However, having observed crusades by other publications which turned out to be merely appeals to the gullibility of the public and bids for popularity, I have been skeptical as well. Most of the others abandoned their lofty positions once they had arrived. I somewhat cynically expected you to follow suit.
Having at last been convinced of your honesty of purpose by the editorials in your October 24 issue (Keep the Spoilers Out of Sport, The Sore-horse Kick), I commend you upon a unique journalistic venture. Honesty for its own sake is so rare in most forms of human endeavor that it is almost unbelievable.
L. HAMILTON LOWE
I made Duffy Daugherty's fudge (Grill and Gridiron, Oct. 10) with appalling results, and I can only conclude that Duffy, Debbie (19TH HOLE, Oct. 24), et al. have never been exposed to really good chocolate fudge. May I suggest that you forward my recipe to Duffy?
MRS. H. W. THOMAS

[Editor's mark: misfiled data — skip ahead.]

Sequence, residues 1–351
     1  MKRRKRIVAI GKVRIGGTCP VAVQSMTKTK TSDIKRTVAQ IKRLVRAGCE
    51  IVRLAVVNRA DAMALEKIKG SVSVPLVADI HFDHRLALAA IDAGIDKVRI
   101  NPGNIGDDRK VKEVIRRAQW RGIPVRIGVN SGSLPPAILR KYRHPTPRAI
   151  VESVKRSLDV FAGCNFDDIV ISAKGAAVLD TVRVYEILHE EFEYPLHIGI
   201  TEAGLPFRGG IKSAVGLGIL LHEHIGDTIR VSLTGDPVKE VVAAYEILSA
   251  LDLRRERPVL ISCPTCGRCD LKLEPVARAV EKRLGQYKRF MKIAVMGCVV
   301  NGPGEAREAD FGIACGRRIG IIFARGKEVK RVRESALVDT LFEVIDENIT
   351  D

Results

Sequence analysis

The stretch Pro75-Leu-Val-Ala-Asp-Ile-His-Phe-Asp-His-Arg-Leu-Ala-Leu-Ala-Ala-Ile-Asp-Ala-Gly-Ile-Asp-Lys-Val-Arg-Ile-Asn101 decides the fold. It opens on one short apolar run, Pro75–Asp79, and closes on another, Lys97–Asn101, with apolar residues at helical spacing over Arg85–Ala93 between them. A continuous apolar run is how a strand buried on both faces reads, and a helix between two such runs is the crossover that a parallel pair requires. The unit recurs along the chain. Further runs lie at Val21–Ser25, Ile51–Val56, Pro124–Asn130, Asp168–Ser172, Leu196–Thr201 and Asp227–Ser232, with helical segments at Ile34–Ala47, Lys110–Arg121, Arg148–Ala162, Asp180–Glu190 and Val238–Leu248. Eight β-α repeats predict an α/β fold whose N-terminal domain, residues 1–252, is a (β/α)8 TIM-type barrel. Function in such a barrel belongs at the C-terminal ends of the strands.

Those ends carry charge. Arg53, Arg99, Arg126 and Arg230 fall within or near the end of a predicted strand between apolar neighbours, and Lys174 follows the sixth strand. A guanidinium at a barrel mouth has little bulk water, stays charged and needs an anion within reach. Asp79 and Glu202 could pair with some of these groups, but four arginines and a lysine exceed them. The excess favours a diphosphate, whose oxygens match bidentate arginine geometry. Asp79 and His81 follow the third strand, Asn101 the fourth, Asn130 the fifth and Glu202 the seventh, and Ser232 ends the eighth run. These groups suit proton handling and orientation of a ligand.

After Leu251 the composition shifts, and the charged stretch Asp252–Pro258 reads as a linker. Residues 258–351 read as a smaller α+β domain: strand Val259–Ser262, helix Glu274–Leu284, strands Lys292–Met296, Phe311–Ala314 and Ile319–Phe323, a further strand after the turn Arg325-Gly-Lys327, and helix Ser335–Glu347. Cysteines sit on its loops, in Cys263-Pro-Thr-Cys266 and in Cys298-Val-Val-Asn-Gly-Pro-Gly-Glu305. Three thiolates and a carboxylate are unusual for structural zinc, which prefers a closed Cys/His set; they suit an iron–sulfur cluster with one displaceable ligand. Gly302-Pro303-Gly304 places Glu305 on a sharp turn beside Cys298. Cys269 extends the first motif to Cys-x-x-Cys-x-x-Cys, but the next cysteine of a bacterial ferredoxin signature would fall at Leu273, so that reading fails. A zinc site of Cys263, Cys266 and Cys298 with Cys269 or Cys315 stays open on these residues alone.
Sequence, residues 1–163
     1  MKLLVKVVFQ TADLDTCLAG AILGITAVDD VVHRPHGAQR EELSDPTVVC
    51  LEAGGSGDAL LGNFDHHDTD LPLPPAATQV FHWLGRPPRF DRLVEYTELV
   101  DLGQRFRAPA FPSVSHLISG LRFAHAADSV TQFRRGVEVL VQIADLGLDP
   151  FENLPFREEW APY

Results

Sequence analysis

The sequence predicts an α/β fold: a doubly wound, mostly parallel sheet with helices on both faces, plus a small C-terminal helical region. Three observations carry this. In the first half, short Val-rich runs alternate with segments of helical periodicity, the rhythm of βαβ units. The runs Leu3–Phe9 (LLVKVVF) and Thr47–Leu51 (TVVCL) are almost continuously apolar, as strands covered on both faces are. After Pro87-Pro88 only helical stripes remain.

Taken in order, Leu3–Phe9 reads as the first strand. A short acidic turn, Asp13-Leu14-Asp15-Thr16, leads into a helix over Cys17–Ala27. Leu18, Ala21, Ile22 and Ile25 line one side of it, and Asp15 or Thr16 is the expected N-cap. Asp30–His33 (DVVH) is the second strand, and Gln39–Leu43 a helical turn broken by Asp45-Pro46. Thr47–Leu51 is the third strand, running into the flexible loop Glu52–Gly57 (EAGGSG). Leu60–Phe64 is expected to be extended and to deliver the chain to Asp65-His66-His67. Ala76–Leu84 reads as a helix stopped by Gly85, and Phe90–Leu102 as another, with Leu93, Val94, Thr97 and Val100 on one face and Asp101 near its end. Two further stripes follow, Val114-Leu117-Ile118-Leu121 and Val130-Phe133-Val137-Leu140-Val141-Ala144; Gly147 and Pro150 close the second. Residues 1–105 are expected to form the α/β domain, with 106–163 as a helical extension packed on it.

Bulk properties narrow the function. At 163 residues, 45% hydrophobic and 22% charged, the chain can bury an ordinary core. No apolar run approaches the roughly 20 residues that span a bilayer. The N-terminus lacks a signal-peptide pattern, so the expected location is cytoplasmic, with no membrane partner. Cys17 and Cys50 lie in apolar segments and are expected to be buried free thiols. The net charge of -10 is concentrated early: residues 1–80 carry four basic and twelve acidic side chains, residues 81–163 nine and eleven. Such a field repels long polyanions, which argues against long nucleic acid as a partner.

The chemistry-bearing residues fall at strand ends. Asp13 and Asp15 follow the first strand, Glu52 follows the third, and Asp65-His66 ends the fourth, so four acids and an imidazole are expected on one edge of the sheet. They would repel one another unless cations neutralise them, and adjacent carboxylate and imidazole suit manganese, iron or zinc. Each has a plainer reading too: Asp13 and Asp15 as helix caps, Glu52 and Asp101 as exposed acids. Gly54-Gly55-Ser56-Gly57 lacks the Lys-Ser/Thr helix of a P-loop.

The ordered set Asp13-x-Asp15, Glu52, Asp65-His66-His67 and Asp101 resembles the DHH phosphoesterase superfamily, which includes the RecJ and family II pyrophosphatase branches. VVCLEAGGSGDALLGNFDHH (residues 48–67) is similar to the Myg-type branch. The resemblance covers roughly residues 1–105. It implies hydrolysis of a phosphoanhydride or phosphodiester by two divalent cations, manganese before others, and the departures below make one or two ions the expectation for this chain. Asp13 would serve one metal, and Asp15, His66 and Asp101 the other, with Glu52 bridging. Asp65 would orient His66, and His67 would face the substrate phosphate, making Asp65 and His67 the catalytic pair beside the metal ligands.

MRS. THOMAS' FUDGE
2 cups sugar
2 squares chocolate, cut up
3/4 cup rich milk (or half milk, half cream)
dash of salt
2 tablespoons light corn syrup
3 tablespoons butter
1 teaspoon vanilla
1 cup coarsely chopped walnuts, if desired
Combine sugar, chocolate, milk, salt, corn syrup, and stir over low-to-medium heat until sugar is dissolved. Cover and bring to slow boil. Then boil slowly for three minutes. Uncover and boil slowly, without stirring, to soft-ball stage (238�). Remove from heat; let cool a few minutes. Add butter, vanilla, without stirring. Let stand until the bottom of the pan is no longer hot to the touch, then beat hard until very thick. Add walnuts and turn into buttered pan. Let set until firm and cut in squares.
Your attempts to explain the intricacies of the ancient sport of zymurgy have fallen short of the mark (SCORECARD, Oct. 24). Your writers could use more facts (and perhaps samples) and less rumor from some obvious West Coast amateurs.
We Kansans use a far simpler and cheaper method of brewing, which is guaranteed to be superior to even Milwaukee's finest: a 3-pound can of hop-flavored malt is stirred into 14 gallons of water at room temperature, after which 7 pounds of sugar is added. To this mixture, add a small portion of yeast and leave it alone until ready to bottle, usually seven to nine days. This yields 56 quarts of excellent beer containing about 5% alcohol by volume.
The advantages of being your own beer-master, quite an elite sport in itself, are many: price, 3.4 cents a quart; stock on hand, 56 quarts, will contain any party.